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Osage Springs (Arkansas, United States) (search for this): chapter 10
he disposition of the National forces on the 4th of March. The First and Second Divisions, under General Sigel and Colonel Asboth, were at Cooper's farm, near Osage Springs, four miles southwest of Bentonville, the capital of Benton County, under general orders to move round to Sugar Creek, about fourteen miles eastward. The Thi2. the greater portion of his troops were gathered, excepting those under General Sigel and a few who were yet abroad. Sigel had moved his camp March 1. from Osage Springs to a point nearer Bentonville, to secure a better position for obtaining forage. He now found his command, and a train of two hundred wagons, placed in a perien he left Missouri, and from which Curtis drove him in the march to Fayetteville. which Carr had left; and Sigel, by a skillful movement in sending cavalry to Osage Springs to cover his right flank, safely conducted his train from McKissick's farm, west of Bentonville, to the latter place, and secured it from the grasp of the Conf
Murfreesboro (Tennessee, United States) (search for this): chapter 10
Clarkesville and took command there; while Foote returned to Cairo for more gun-boats, for the purpose of attacking Nashville. In the mean time General Johnston and his forces from Bowling Green had continued their flight southward as far as Murfreesboro, twenty-five miles on the way toward Chattanooga, It was supposed by the Confederates that the Nationals would push on toward East Tennessee, and it was for the purpose of confronting such movement that Johnston took position at MurfreesborMurfreesboro. leaving General Floyd, the fugitive from Fort Donelson, with a few troops to secure the immense amount of stores and provisions in Nashville. Pillow, the other fugitive from Fort Donelson, and Hardee, who had come down from Bowling Green, were directed to assist Floyd in the business. The assignment to the perilous duty of remaining nearest the dreaded Nationals seemed like punishment inflicted on Floyd and Pillow by Johnston for their cowardice. If so, it was successful; yet it was injuri
Bacon Creek, Ky. (Kentucky, United States) (search for this): chapter 10
pi the Indians, 260. When Fort Donelson fell, Kentucky and Missouri, and all of northern and middle Tennessee were lost to the Confederates, and the more Southern States, whose inhabitants expected to have the battles for their defense fought in the border Slave-labor States, were exposed to the inroads of the National armies. The terror inspired all along the Confederate line by the fall of Fort Henry, and the forward movement of General Mitchel, of Buell's army, from his camp at Bacon's Creek, across the Green River at Mumfordsville, toward Bowling Green, simultaneously with Grant's investment of Fort Donelson, Feb. 11, 1862. caused that line, which seemed so strong almost to invincibility a few weeks before, to crumble into fragments and suddenly disappear as a mist. General Johnston clearly perceived that both Bowling Green and Columbus were now untenable, and that the salvation of his troops at each required the immediate evacuation of these posts. He issued orders acco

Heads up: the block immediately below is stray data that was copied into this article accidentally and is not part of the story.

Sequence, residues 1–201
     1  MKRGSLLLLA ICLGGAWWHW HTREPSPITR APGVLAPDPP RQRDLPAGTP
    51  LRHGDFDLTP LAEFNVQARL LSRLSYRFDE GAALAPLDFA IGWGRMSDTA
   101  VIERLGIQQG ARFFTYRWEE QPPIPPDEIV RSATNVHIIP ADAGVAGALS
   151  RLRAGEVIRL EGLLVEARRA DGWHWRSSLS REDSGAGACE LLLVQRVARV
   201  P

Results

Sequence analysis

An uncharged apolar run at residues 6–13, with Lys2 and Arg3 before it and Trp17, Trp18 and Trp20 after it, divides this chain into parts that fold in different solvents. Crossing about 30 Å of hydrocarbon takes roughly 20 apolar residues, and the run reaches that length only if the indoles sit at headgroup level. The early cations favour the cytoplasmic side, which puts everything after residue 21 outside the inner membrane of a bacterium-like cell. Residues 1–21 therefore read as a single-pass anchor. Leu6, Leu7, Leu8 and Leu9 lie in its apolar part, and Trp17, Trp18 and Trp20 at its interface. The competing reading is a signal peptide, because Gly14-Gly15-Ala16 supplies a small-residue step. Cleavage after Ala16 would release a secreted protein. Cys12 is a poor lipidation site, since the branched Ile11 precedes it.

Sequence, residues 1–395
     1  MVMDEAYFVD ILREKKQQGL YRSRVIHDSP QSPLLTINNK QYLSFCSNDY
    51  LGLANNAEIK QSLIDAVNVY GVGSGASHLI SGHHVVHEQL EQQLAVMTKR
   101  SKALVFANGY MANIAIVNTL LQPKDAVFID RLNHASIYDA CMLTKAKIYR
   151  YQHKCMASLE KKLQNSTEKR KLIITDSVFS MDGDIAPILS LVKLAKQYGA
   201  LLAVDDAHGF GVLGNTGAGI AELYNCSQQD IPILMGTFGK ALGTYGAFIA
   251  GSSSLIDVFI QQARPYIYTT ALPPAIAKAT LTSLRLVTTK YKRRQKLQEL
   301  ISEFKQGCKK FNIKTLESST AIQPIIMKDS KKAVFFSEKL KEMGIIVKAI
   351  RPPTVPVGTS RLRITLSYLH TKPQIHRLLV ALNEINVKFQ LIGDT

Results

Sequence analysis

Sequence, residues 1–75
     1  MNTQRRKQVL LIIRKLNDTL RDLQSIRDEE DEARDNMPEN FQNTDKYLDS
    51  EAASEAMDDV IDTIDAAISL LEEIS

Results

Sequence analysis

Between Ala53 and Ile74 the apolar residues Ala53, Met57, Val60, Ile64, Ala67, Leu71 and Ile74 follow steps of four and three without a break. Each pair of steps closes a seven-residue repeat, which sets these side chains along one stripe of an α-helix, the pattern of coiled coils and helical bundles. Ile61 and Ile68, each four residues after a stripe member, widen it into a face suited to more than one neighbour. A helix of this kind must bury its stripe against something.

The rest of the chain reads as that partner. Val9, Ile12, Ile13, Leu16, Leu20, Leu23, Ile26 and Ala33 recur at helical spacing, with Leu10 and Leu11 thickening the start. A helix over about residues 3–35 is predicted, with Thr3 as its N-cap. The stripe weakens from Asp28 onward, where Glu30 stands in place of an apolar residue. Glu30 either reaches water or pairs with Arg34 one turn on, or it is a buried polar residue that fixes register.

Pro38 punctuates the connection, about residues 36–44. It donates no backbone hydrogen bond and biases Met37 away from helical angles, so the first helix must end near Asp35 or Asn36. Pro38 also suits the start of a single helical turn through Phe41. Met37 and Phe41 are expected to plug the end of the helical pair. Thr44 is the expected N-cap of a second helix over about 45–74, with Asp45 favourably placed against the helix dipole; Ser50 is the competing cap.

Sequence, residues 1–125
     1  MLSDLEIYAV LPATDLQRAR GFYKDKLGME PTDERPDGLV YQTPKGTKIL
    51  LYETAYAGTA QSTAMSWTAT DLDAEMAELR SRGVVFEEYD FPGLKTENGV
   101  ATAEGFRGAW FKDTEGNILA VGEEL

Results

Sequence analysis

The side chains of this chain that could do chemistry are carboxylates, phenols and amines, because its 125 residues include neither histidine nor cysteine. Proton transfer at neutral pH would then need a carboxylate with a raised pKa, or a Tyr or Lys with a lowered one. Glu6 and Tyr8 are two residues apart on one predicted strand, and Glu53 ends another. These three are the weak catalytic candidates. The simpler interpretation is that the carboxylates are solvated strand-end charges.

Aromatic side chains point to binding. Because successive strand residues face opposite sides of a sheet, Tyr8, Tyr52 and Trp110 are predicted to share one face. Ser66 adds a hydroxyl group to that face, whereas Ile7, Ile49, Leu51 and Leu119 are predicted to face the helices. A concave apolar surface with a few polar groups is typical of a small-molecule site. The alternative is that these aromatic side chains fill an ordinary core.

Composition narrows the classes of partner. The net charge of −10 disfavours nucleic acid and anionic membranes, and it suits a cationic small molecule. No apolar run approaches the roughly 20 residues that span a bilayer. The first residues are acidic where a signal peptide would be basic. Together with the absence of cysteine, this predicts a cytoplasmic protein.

Clark (Pennsylvania, United States) (search for this): chapter 10
situation at the bend of the Cumberland, about half a mile below Clarkesville. It commanded the River up and down. The mouth of the Red Rivehile lying at Clarksville, looking down the River. the river to Clarkesville (a city on its right bank, of about two thousand inhabitants bef, in defiance of the wishes and remonstrances of the citizens of Clarkesville, set fire to the fine railway bridge that spanned the river at tnal flag over the fort. Two-thirds of the terrified citizens of Clarkesville had fled when Foote arrived. At the suggestion of the late veneeral Smith, with the advance of the National army, marched up to Clarkesville and took command there; while Foote returned to Cairo for more g on the 25th, and on the same morning the Conestoga arrived from Clarkesville, as a convoy to transports bearing a considerable body of troopss troops and munitions of war. When Foote returned to Cairo from Clarkesville, he collected a flotilla of six gun-boats, commanded respectivel
Tiptonville (Tennessee, United States) (search for this): chapter 10
orward movement. On the morning of the 6th, Pope sent the Carondelet down the river toward Tiptonville, with General Granger, Colonel Smith, of the Forty-third Ohio, and Captain L. B. Marshall, ofdown the river with the two gun-boats to silence batteries near Watson's Landing, below Tiptonville (Tennessee), where Pope intended to disembark his troops (then on the steamers that had passed throamilton, who had come down by land, to cross their divisions. He pushed his troops on toward Tiptonville as fast as they were landed. They met and drove back the Confederates, who were attempting to fly toward Union City. These were joined at Tiptonville that night by many fugitives from Island Number10. The wildest confusion prevailed among them. They were driven to the swamps by Pope's ad, and those who had fled in that direction expected to find shelter behind the batteries near Tiptonville. There had been grave doubts in the minds of the commanders on the island concerning their a